Old Dogs and Children

Robert Inman, Author Little Brown and Company $19.45 (447p) ISBN 978-0-316-41897-3
Looking back on her life, which she has spent in the small Southern town where first her lumberman father, then her congressman husband and now her son, the governor, have been the community's leading citizens, 68-year-old Bright Birdsong is bitter and disappointed. In the course of this leisurely, absorbing novel by the author of Home Fires Burning , Bright will first come to grips with her resentment that she has ``largely defined herself by her responsibilities'' and eventually admit that her own domineering qualities have had a large role in the development of her family and community relationships. Having chosen loyalty to her adored father over that to her husband--whom she refused to join in Washington, much to their children's emotional detriment--Bright has been a benefactor to the town. She has battled prejudice on behalf of the black community, and again does so when called upon by the son of the black woman who raised her. Other events conspiring to reengage Bright with life are the visit of her 10-year-old grandson, a $50,000 windfall, exposure of her son's philandering and a confrontation with her hostile daughter. Inman has a clear-eyed but compassionate understanding of the social fabric of the South and a feel for family dynamics. Although two sequences defy credibility--Bright's mother's vindictive reaction to a sexual episode, and the gratuitous inclusion of FDR, Eleanor Roosevelt and Winston Churchill in the narrative--the novel is a nicely textured character study seen against a vividly realized setting. (Feb.)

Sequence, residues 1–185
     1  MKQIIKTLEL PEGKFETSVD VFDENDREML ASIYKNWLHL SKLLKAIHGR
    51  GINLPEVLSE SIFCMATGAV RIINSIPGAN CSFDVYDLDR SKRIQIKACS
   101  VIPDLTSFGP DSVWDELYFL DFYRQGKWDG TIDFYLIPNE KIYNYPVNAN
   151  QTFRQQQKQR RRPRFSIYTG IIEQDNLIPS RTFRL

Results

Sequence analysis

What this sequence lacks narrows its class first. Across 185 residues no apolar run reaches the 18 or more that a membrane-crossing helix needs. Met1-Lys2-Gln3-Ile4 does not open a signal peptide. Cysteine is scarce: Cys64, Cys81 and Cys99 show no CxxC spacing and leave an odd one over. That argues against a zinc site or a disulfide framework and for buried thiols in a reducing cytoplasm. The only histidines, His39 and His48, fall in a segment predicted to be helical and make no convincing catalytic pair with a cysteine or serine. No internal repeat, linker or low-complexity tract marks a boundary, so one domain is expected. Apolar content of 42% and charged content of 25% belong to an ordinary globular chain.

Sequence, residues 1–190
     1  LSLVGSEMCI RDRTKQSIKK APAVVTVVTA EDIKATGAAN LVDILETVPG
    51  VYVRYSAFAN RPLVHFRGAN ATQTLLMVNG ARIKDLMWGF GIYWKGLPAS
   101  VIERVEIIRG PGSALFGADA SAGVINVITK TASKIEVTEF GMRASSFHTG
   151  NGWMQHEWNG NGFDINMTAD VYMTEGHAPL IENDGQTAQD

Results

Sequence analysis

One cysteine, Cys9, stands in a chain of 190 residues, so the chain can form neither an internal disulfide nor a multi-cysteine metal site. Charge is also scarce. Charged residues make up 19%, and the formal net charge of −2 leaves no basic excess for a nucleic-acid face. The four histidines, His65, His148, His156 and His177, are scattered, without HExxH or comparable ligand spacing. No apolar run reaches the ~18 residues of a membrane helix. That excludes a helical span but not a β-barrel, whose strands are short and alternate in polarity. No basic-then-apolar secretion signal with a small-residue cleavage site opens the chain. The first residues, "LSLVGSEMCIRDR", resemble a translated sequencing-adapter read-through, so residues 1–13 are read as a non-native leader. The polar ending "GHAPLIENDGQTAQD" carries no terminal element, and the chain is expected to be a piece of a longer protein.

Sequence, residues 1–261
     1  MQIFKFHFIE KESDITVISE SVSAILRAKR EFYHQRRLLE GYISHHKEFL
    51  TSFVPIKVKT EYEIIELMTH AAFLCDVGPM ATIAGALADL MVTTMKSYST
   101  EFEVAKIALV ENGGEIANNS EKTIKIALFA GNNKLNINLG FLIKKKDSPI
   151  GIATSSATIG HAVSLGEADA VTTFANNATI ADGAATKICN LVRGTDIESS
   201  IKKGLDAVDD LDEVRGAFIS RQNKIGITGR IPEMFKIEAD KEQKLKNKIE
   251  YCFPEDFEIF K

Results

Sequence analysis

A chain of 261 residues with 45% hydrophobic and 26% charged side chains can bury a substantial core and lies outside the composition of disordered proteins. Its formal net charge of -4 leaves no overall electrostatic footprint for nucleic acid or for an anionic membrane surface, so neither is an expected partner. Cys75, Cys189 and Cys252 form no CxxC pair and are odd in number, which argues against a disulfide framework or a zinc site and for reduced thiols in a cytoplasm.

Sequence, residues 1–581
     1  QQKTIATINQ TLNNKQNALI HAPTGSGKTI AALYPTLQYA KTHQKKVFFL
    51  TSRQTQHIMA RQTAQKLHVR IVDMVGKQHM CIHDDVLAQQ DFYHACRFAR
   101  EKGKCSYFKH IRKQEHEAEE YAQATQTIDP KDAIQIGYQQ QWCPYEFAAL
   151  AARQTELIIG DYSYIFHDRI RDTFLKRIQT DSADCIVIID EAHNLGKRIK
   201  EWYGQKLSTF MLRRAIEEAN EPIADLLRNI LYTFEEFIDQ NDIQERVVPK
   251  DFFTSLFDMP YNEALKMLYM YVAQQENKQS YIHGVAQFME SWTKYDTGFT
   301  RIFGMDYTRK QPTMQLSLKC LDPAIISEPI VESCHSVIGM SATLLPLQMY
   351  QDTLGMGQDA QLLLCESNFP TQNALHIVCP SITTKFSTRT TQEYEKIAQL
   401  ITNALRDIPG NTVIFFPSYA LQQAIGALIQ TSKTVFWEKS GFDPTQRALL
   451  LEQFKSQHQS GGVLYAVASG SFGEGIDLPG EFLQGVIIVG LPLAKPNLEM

Reviewed on: 01/01/1991
Release date: 01/01/1991
Paperback - 456 pages - 978-0-316-41914-7
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